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Apr 6, 2008 10:41 PM

Small town Idaho

I planning a trip in the mountains of central Idaho. It may include small towns like Riggins, McCall, Stanley, and Salmon. Since I'm camping I mostly interested in lunch options, and grocery shopping for the evening meal in camp. I know from experience that finding things like this is hit-and-miss, with a lot of disappointing small town general stores, and the occasional choice find (like my first flat iron steak in Halfway OR, or smoked meats in Twisp, WA.).

Any gems that I should keep an eye out for, and maybe go out of my way to find? I wouldn't rule out passing through Boise or Ketchum for more options, but I'd rather not. Sometimes I've sought out farming towns in hope of finding a taco truck.


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  1. paul, how'd it go? I was going to rec stopping in at some guide shops and ask the guides where they eat and shop.

    3 Replies
    1. re: toodie jane

      Summer was late in coming to many parts of Idaho this year. Places like McCall were still emerging from the winter's snow. We also had a fair amount of rain. So camping was a bit on the wet and cold side, but over all it was pleasant trip. It was also one of the better trips in terms of food shopping. Small town groceries had a good selection of inexpensive beef. This time I had a folding grill and small pressure cooker, giving me some added options for cooking meats. We didn't eat out much - just 3 or 4 lunches.

      First stop in Idaho was Lewiston, where we bought deli chicken and ate lunch on the grass by the car. Then south to Grangeville, and east to Elk City and Red River Hot Springs. Considering its remoteness and small size, Elk City had a good grocery, where I bought some 1/2 price stew meat and 'backcountry sausage'. That night I prepared a quick beef stew in the PC, using a few small potatoes, carrot and cabbage that I'd brought from home.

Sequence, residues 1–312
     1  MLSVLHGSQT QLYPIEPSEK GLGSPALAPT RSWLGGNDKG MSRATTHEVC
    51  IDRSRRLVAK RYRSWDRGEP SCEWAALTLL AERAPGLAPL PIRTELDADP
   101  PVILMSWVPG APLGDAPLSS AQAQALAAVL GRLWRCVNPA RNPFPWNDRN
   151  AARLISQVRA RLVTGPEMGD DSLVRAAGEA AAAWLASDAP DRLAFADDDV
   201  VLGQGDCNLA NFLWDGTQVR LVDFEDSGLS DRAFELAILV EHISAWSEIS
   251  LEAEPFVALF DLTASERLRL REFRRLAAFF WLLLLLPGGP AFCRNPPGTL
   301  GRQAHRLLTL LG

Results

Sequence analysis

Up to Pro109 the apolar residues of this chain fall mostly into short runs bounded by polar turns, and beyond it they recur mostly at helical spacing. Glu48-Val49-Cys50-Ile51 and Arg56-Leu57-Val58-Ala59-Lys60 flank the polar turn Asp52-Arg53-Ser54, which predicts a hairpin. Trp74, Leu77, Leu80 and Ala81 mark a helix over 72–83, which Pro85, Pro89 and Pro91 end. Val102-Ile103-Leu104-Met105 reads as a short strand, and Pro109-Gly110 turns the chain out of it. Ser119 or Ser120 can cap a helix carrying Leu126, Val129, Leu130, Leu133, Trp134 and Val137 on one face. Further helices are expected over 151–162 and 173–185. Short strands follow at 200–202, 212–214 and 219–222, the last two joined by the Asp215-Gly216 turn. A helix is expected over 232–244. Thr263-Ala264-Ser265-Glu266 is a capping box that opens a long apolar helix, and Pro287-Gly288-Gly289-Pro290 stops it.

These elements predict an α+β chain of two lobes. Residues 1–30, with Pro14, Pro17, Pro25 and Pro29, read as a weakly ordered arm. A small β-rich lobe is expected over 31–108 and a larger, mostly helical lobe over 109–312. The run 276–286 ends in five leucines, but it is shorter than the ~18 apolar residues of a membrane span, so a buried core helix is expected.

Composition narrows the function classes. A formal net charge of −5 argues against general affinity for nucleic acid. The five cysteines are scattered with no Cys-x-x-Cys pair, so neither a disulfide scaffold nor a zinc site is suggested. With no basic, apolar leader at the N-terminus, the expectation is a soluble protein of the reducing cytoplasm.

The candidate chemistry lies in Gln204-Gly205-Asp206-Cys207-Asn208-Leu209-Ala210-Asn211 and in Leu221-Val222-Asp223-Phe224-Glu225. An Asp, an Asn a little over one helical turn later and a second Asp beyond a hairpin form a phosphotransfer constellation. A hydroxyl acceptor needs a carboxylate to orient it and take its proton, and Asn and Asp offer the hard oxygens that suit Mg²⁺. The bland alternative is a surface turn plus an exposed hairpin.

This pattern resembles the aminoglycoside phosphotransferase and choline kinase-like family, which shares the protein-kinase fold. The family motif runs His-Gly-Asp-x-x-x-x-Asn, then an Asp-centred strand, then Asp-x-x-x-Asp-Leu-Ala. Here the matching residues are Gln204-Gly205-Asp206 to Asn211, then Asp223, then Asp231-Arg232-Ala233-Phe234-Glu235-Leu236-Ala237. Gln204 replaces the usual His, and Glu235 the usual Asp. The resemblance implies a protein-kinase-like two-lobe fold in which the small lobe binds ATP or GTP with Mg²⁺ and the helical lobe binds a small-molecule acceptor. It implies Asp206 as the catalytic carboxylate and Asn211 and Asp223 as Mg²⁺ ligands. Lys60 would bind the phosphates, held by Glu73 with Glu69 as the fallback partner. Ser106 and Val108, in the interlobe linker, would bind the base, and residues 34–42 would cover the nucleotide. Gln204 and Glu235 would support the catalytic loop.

Then it was back to Grangeville, and south along the Salmon. In New Meadows I picked up some cube steak and eggs (better prices than in Seattle). I grilled the steak, and served it with fried eggs. At Paul's Grocery in McCall I got some 'mock tenders chuck'. They even had New Jersey Taylor hams (though I didn't buy any).

      Stanley felt like it was still emerging from a winter's sleep; the grocery I tried there seemed over priced and oriented to vacationers more than locals. In Challis we bought a Subway sandwich from a grocery and ate it in the town park. We camped near Salmon, but didn't shop in town.

      We crossed into Montana on US93, with snow flurries on the pass. Just over the pass we stopped for a swim at Lost Trail Hot Springs, and had pancakes for lunch. Seems they get most of their business from skiers in the winter, and special-events groups in the summer.

      I only got gas in Missoula, and then took 200 into Idaho. It was raining when we passed through Clark Fork, ID, so we chose to eat lunch at a local cafe (good beef soup, grilled cheese, ok chicken fried steak sandwich).

      We looked around Sandpoint, but didn't stop to shop or eat. We camped near Priest River, and made a side trip to Priest Lake. At the Harvest Grocery in Priest River I got two flat iron steaks and some ground buffalo. I grilled one steak, and served the other Shabu-shabu style

      We returned to western Washington via WA20. In Twisp I stopped at Hank's grocery, remembering that they smoked their own hams. They are now a Harvest grocery, and had just expanded, adding a bakery and deli, which were proving quite popular with the locals. They also had a cheese selection comparable to a upper end Seattle shop. Their smoked meats are still good.

      1. re: paulj

        Did you get to fly fish at all in Idaho..McCall, I hear is a lovely town..good eats for lunch/dinner?
        I so want to shred that mountain!
        Thanks paulj for your report!